Japan-U.S. Summit: Bilateral Cooperation Encompasses Range of Concerns in The World / Strengthen Unity to Create A New Order

The post-Cold War world has never faced such severe challenges as it does today. It is significant that the leaders of Japan and the United States have united and agreed to work together in a wide range of areas, including security, energy and space.

Now is an era for the two countries to further strengthen the Japan-U.S. alliance and utilize it to build a new international order.

Prime Minister Fumio Kishida paid an official visit to the United States as a state guest and met with U.S. President Joe Biden in Washington.

Integrated unit operations needed

During their meeting, the two leaders agreed that the Japan-U.S. alliance “has reached unprecedented heights.” After the meeting, they issued a joint statement that positions the two countries as “global partners” in addressing global challenges not only in the Indo-Pacific region but also around the world.

The most significant feature of this meeting was the decision on a policy of reviewing the respective “command and control” frameworks to enable the Self-Defense Forces and the U.S. military to operate in a more integrated manner.

The U.S. forces in Japan are currently operating under the direction of the Indo-Pacific Command, which has its headquarters in Hawaii.

Meanwhile, Japan plans to establish a Joint Operations Command at the end of this fiscal year to manage the operations of the SDF’s ground, maritime and air branches in an integrated manner. In conjunction with this, the U.S. military reportedly will transfer part of the authority of the Indo-Pacific Command to the U.S. forces command in Japan to proceed smoothly with joint operations with the SDF.

A contingency in the Taiwan Strait is an increasingly realistic possibility. North Korea has repeatedly launched missiles and continued its provocative actions. A system must be put in place so that Japan and the United States can respond immediately in an emergency.

In the meeting, they also agreed to expand joint development and production of equipment, such as missiles. The United States, which has continued to provide military assistance to Ukraine, is facing tight production capacity for equipment. Therefore, the agreement in this regard means that Japan will supplement its production system.

The Kishida administration has decided that Japan will possess counterattack capabilities to strike enemy missile launch sites, and is working to review the conventional roles of the United States as the spear and Japan as the shield.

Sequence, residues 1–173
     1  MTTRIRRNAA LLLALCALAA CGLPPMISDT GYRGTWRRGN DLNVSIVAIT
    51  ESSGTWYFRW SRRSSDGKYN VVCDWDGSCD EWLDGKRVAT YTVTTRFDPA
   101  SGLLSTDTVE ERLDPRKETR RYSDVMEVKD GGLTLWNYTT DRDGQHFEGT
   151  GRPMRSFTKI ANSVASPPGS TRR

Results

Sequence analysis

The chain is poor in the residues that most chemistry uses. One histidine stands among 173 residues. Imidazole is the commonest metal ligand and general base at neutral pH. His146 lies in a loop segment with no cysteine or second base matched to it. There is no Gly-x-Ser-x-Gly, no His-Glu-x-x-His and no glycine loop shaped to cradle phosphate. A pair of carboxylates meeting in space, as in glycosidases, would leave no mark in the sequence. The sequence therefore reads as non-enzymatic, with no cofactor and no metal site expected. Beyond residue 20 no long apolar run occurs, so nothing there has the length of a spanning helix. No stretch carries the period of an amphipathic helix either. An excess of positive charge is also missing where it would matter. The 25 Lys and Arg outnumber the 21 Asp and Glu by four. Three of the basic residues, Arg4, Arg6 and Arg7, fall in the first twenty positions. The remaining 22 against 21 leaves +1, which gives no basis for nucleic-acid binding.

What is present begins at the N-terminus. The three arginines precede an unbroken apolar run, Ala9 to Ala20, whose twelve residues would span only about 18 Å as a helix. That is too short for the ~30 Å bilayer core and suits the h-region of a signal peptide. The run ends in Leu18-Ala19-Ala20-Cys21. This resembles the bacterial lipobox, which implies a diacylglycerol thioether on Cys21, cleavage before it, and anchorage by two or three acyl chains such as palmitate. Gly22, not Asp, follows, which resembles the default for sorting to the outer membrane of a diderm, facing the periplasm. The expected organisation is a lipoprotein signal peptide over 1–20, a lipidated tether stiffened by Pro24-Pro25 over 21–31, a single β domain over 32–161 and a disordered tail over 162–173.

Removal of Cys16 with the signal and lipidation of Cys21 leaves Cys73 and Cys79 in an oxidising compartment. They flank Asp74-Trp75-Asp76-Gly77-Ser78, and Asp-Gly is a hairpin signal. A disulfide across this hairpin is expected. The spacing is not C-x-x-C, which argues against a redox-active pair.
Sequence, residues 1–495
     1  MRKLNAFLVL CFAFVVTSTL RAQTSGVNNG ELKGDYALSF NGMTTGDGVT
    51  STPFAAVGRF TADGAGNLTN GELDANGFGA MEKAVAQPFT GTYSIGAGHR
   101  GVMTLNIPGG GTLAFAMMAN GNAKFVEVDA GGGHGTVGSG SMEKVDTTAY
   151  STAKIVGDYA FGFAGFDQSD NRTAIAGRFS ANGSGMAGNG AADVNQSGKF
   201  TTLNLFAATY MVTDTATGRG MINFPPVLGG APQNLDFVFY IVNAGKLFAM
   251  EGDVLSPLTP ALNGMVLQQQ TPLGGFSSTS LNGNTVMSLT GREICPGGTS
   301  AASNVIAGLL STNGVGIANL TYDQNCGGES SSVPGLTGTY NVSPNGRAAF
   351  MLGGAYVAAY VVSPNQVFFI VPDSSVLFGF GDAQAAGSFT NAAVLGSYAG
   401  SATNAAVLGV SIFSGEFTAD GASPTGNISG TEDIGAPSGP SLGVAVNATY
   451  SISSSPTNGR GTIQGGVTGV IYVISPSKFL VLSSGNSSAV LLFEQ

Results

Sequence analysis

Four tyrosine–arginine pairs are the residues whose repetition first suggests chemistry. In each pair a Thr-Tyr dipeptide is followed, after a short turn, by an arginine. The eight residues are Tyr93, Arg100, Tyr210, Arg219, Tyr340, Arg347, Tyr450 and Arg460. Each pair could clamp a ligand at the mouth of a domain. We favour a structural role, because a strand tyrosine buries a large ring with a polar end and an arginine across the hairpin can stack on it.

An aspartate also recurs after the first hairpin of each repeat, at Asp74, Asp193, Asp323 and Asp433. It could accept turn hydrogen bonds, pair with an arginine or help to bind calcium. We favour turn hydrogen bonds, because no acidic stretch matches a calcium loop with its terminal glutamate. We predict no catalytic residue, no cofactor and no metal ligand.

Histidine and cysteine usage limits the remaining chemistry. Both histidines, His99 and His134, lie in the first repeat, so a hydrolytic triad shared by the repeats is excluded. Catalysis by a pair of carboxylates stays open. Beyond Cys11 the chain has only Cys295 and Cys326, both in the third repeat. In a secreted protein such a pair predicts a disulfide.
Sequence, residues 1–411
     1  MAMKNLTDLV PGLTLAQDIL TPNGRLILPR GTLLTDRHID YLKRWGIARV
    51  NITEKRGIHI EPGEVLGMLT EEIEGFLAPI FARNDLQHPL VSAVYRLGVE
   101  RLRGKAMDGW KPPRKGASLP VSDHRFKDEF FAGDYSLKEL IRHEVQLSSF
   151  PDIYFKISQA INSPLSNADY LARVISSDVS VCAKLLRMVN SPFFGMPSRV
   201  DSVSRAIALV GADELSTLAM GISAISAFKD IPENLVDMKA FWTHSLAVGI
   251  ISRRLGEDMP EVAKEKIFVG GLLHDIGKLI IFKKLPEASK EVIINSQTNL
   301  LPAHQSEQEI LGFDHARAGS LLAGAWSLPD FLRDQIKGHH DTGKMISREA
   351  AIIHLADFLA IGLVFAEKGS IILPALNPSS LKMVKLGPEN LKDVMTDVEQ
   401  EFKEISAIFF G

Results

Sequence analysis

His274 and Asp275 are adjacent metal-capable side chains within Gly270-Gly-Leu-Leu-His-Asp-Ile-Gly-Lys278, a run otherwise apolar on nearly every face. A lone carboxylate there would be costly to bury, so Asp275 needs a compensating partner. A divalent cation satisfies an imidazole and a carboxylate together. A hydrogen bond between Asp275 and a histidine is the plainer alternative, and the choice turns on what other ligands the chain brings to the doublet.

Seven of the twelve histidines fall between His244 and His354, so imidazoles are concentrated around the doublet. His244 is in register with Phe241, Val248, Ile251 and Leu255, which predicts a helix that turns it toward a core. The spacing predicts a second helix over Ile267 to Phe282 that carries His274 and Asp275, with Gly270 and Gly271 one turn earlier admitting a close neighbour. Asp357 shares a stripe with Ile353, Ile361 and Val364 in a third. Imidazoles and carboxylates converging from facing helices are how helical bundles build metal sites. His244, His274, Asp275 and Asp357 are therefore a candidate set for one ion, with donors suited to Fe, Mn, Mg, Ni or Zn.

These efforts will undoubtedly enable the integrated operations of the U.S. military and the SDF and lead to the enhancement of their deterrence capabilities. The agreement reached at this summit may be the starting point for new defense cooperation between the two countries.

However, there are issues regarding integrated operations of the SDF and the U.S. military.

In a situation that threatens Japan’s survival, the SDF can exercise Japan’s right to collective self-defense and cooperate with the U.S. military in fighting. However, if Japan supports the U.S. military in fighting without the recognition of a survival-threatening situation, discussions will be needed on whether being an integral part of combat actions is consistent with the Constitution.

It is vital to sort out problems in line with reality.

Stable supply chains confirmed

The results of the summit are not limited to the defense sector. The two leaders agreed to promote technical cooperation toward generating electricity with nuclear fusion, which is expected to become a next-generation energy source. If put to practical use, it would be able to provide a stable energy source and contribute to the international community.

In the space sector, they decided to send two Japanese astronauts to land on the moon as part of the U.S.-led Artemis program of manned lunar exploration.

On economic security, they confirmed that the Group of Seven advanced nations would cooperate to ensure a stable supply of semiconductors and important minerals, including rare metals.

China has repeatedly used economic coercion to put pressure on countries it has political conflicts with by restricting trade with them in important minerals and other goods. Multilateral cooperation is needed to reduce dependence on China.

The international situation is chaotic, and Japan’s diplomatic abilities are being tested.

The United States is forced to respond to Russia’s aggression against Ukraine and conflicts in the Middle East, and it has only a limited capacity to deal with security issues in Asia.

China increases its hegemonic behavior in the East China Sea and the South China Sea and North Korea also continues its nuclear and missiles development. Japan should play a leading role in protecting peace in Asia.

Make diplomatic efforts for immediate ceasefire

Japan has long supported the development of the so-called Global South emerging and developing countries and has built good relations with these countries. In the Middle East, Japan has never engaged in a conflict and does not get involved in religious hostilities.

It is hoped that Japan will use its strengths and play a role as a bridge between the West and emerging countries. It is important to call on Israel and the Islamist group Hamas for a ceasefire.

In the meeting with Biden, Kishida sought understanding of dialogues and negotiations between Japan and North Korea to resolve the issue of the abduction of Japanese nationals to North Korea, and he obtained Biden’s support.

Even if a Japan-North Korea summit is to be held, it can only be on the understanding that Japan-U.S.-South Korea cooperation is maintained. Kishida must not forget that principle.

(From The Yomiuri Shimbun, April 12, 2024)